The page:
With the regular season at a close, a few random thoughts from around the country:
Consider this regarding the Heisman Trophy: Going into the final weekend of play, Trent Richardson was considered the slight favorite over Andrew Luck, with Robert Griffin III a distant third or perhaps fourth. Neither Richardson or Luck played on the final weekend, while Griffin III had a big day against a 7-5 team bound for the Bridgepoint Education Holiday Day that ultimately ranked 42nd nationally in scoring defense. The end result? Griffin wins the Heisman in a landslide, Luck takes second, and Richardson comes in a distant third. I'm not complaining about the end result, mind you -- nine wins in Waco is about like fourteen anywhere else -- but I do think the massive swing in the final days showcases how fickle the Heisman electorate tends to be.
With Oklahoma being the biggest disappointment in the nation this season, you almost have to wonder if the era of big-time football in Norman under Bob Stoops is over. Forget the bad performances in big games, this program came into the year considered by many as the eventual national champion led by the eventual Heisman Trophy winner. Instead, the Sooners went 3-3 in the final six weeks of the season with three ugly losses, including arguably the worst performance since the John Blake era in Stillwater, and now finish the year in late December in the Insight Bowl. In the end, Landry Jones looked more like Spencer Pennington than Sam Bradford; the defense was largely useless, and only so much of that can be blamed on the unexpected passing of Austin Box . Now, to be sure, OU is still a much stronger power than just about anyone else in the now-depleted Big XII, but for all of that talent and institutional resources they really haven't won anything of note in recent years, and for what it's worth it looks like they've squandered any potential benefit they could have gleaned from the implosion of Texas. Oklahoma State has closed the gap significantly and, in fact, might even be passing them by. The Sooners will keep on winning a lot of games, but until something to the contrary manifests itself in on-field form you can consider Oklahoma largely an afterthought on the national level.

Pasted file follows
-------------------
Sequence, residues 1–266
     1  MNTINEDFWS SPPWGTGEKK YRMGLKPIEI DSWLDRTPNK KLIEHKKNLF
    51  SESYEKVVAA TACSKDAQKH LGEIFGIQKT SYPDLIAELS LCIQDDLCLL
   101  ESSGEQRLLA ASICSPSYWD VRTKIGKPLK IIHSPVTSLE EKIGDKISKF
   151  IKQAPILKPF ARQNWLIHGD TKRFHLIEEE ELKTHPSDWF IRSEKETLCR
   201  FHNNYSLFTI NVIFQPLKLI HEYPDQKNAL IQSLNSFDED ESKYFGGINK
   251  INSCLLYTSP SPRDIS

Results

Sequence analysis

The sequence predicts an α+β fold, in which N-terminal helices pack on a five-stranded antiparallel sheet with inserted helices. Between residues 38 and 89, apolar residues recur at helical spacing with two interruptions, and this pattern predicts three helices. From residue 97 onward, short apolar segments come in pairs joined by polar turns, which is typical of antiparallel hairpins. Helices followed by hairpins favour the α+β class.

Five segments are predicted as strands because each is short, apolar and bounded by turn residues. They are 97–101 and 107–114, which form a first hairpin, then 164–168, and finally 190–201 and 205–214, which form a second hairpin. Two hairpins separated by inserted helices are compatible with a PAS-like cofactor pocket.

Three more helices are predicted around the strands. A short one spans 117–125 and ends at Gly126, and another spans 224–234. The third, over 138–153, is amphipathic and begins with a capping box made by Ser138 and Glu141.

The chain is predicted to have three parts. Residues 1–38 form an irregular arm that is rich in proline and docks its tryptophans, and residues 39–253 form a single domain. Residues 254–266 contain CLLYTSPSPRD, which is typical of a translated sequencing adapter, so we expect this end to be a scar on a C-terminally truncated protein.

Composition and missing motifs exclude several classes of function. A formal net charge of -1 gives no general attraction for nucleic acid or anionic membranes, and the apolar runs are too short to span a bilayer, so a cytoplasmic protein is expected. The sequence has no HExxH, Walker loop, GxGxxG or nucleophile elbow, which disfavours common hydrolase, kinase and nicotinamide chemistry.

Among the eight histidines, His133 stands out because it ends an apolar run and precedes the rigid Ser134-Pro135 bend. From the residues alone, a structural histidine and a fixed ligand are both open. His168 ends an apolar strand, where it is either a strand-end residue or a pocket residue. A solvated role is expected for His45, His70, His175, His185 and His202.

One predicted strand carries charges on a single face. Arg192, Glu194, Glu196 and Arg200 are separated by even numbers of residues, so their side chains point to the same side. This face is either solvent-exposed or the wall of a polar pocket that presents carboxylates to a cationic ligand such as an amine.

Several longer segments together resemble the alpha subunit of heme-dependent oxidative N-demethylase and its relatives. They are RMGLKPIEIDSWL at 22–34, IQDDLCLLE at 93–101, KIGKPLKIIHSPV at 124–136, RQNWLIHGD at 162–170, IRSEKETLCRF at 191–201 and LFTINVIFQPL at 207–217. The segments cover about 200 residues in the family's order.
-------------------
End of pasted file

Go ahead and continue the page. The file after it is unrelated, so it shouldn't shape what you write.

The UCLA Bruins, in one of the most critical hires in program history, hired... Jim Mora, Jr.?! Indeed. After getting shot down by several big-name coaches despite what were reported to be big-money offers -- a lack of institutional support for the football program seemed to be the culprit -- the Bruins hired a man with one winning season on his resume and one year of collegiate experience (twenty-five years ago, as a graduate assistant). That'll get 'em out of the slumber. And, yes, there is the obligatory Pete Carroll comparison (mediocre NFL coach, gangbusters success in LA in college football), but that overlooks countless other middling-at-best NFL lifers who were just as bad in the college game. Remember Chan Gailey, Bill Callahan, Charlie Weis, Al Groh, Mike Sherman, Jerry Glanville, John Mackovic, and Ray Perkins? The odds are much better that Mora ends up far closer to that long list of failures than Pete Carroll.
And speaking of UCLA, someone explain the following for me: We'll forgo the little nuggets that cross-town rival USC has been decimated by NCAA sanctions and currently have Lane Kiffin "leading" the program, how in the holy hell can this program be this bad? How can this university not field an elite football team year in and year out? Think this through logically: It's one of the world's best universities, they have obscene amounts of money, there is an NFL factory of prep talent within its own city limits, the campus is gorgeous, the nightlife is the stuff of legend (literally), the weather is straight out of a Hollywood film (which is less than ten miles away, by the way), the beaches of Southern California are fifteen minutes away, and the area features more young women than Iowa has corn stalks. Now explain how a program with all of those institutional advantages has averaged six wins per season for over a decade? You'll crack the mystery surrounding the Antikythera mechanism before you figure this one out. This program ought to be so dominant that the NCAA has to come in every decade or so and drop the death penalty just to level the playing field for everyone else, and yet somehow they've been stuck in first gear forever.